Astros take part in MLK Day Grand Parade
The 2013 Astros CAREavan kicked off on Martin Luther King Day with the first stop at the MLK Day Grande Parade. Manager Bo Porter, pitcher Wesley Wright and former players J.R. Richard and Jimmy Wynn, also an Astros Community Outreach Executive, rode in the parade, but before they hit the route, they reflected on what MLK Day means to them.
“It's extremely special, Porter said. “You just think about the impact Martin Luther King was able to have on our country – it's obvious you look at it and say to yourself what a tribute it is to be able to be a part of.”
“I really can't explain what it means to me because what it means is unexplainable,” Richard said.”It's just something you have to feel.”
“It means everything,” Wright said. “Dr. King did so much for African Americans as well as all people for equality, and to be able to participate in this parade is big. I'm glad I was invited.”
This group was excited to be a part of the very first day of this year's Astros CAREavan.
“Any time you get an opportunity to give back to the city and go to the different functions and allow the Astros to be out in front in the community, it is something we're definitely going to take advantage of,” Porter said.
“I enjoy doing things in the community,” Wynn said. “I'm kind of like the old guy of the CAREavan. I played in the 60s and 70s and want to give back to the fans what the fans gave to me a long time ago.”
“As the season gets near, I think everybody is starting to get that itch for baseball,” Wright said. “It's a good chance to interact with fans and let them know how excited we are about this upcoming season and hoping they are as well. New uniforms, new division, new league – there is a lot of excitement in the air and most of the guys are ready to get to spring training.”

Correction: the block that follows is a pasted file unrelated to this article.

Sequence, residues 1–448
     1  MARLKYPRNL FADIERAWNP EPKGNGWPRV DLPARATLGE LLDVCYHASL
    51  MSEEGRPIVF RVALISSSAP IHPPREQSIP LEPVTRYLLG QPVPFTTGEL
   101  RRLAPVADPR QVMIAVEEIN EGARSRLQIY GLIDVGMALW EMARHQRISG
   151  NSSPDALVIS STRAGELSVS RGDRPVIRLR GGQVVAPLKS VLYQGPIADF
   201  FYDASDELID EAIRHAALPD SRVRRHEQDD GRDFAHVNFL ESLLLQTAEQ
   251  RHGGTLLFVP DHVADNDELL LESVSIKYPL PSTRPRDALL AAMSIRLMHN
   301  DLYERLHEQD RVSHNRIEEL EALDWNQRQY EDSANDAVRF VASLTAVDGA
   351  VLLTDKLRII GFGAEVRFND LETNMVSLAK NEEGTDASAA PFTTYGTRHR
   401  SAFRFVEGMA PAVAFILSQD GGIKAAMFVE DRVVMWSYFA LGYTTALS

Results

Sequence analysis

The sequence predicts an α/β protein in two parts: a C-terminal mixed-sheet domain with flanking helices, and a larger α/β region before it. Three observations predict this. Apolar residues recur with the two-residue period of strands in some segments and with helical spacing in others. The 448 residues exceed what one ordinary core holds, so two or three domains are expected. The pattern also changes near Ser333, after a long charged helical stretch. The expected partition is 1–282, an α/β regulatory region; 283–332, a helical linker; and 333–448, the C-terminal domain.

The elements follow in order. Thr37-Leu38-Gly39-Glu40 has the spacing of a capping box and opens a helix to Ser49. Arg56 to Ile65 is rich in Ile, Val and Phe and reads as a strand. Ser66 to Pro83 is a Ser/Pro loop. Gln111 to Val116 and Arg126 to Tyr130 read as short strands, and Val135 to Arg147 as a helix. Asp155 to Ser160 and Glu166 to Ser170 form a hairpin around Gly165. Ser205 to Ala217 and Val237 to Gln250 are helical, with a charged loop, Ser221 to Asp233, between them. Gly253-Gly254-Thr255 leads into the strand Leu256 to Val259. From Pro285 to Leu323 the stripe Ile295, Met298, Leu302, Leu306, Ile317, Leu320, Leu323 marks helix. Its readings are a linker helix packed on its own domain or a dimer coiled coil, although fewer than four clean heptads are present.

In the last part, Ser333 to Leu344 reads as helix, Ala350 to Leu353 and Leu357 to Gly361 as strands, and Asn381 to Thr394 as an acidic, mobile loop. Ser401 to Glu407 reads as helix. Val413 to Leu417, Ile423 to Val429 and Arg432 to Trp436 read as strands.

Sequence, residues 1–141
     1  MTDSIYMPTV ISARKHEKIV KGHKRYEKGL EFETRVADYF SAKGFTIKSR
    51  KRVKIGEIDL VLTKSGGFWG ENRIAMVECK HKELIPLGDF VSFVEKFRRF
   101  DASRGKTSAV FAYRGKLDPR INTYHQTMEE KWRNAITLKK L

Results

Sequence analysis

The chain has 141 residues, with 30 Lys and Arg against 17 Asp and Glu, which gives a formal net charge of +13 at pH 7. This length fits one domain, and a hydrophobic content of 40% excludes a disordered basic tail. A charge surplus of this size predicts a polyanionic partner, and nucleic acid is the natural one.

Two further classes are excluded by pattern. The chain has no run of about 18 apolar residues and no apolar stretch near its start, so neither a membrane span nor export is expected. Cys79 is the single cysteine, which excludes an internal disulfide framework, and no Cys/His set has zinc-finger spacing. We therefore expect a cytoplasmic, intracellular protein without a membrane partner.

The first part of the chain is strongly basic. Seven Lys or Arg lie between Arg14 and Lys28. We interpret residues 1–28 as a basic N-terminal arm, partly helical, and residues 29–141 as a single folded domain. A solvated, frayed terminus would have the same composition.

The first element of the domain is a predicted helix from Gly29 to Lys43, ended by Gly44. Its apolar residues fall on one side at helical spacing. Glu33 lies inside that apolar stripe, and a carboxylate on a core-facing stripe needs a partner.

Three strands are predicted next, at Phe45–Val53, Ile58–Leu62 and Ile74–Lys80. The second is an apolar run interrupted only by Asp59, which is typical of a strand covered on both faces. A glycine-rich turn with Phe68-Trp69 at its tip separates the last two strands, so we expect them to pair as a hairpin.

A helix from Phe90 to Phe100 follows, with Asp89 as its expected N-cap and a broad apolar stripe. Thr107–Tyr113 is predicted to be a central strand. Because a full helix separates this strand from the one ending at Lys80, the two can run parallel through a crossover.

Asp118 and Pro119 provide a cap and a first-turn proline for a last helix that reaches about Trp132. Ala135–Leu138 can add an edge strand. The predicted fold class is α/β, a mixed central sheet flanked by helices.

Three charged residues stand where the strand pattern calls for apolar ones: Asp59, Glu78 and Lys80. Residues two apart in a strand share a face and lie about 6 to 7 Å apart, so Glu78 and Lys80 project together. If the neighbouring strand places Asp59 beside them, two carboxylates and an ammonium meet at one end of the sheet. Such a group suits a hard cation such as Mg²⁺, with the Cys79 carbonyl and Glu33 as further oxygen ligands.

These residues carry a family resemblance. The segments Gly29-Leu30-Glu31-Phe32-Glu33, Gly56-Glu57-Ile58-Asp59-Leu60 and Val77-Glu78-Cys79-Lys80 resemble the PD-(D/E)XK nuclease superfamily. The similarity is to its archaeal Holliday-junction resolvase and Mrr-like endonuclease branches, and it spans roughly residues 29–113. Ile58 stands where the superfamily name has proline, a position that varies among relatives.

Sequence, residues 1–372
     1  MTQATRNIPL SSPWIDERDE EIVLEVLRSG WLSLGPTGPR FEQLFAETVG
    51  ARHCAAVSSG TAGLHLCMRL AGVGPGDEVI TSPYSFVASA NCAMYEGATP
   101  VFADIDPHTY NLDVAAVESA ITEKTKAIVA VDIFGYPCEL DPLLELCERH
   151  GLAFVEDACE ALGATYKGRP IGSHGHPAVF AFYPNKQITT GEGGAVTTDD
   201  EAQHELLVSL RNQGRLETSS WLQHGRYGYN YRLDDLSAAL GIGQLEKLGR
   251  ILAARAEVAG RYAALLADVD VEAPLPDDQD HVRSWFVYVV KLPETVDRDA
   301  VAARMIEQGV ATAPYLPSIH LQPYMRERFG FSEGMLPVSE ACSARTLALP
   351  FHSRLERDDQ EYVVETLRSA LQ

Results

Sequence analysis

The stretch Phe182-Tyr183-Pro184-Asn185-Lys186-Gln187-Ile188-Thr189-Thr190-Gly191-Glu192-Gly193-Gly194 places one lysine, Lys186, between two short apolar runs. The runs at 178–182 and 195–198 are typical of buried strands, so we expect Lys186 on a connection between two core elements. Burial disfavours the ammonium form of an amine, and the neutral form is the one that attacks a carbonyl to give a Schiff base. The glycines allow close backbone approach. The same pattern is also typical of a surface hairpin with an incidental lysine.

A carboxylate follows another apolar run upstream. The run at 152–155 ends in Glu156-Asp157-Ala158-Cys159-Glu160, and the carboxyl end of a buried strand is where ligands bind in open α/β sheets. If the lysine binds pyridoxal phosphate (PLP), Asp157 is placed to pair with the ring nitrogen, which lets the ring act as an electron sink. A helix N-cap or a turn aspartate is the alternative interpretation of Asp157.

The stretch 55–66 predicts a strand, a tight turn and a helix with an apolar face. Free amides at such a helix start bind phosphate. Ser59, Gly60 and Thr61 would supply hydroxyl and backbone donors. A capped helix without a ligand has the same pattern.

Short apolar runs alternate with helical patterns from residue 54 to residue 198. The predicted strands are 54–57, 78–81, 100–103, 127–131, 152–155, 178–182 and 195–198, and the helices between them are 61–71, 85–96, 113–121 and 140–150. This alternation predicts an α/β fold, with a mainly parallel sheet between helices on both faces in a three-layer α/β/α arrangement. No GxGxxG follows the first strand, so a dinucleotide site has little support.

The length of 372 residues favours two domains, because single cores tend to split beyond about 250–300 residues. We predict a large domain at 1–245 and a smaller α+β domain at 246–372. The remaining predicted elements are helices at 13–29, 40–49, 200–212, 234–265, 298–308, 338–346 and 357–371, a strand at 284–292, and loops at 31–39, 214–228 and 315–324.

The second stop on the CAREavan tour was at the Astros Urban Youth Academy where they hosted a baseball and softball clinic in the afternoon.
“Anytime you get a chance to teach the game of baseball to the youth of the inner city and help grow the game and provide them with some quality instruction, I'm all for it,” Wright said. “It's something I didn't have growing up and now I have an opportunity to give back, so I always try to take advantage of it when I can.”
“Growing up New Jersey, we didn't have facilities like they have at the Urban Youth Academy,” Porter said. “We didn't have the major league teams come out and get into the community -- not the community in which I was living. So, I want those kids to understand what a privilege it is to have a major league manager, players and former players come out and share their time, wisdom and knowledge with them.”
But the kids taught them something as well.
“They bring energy to me when I see them diving and having fun and loving the game,” Wright said. “It makes me want to give them more. I had a great time out there -- never a dull moment. Kids always come up with something to keep you laughing."
After the clinic, Porter addressed the participants stressing these three elements: practice on your own time, keep a positive mindset and the importance of education.
The stops on Monday were part of over 30 stops the CAREavan will make throughout Houston, central and south Texas and Oklahoma City throughout the week and will conclude at the Astros FanFest on Saturday.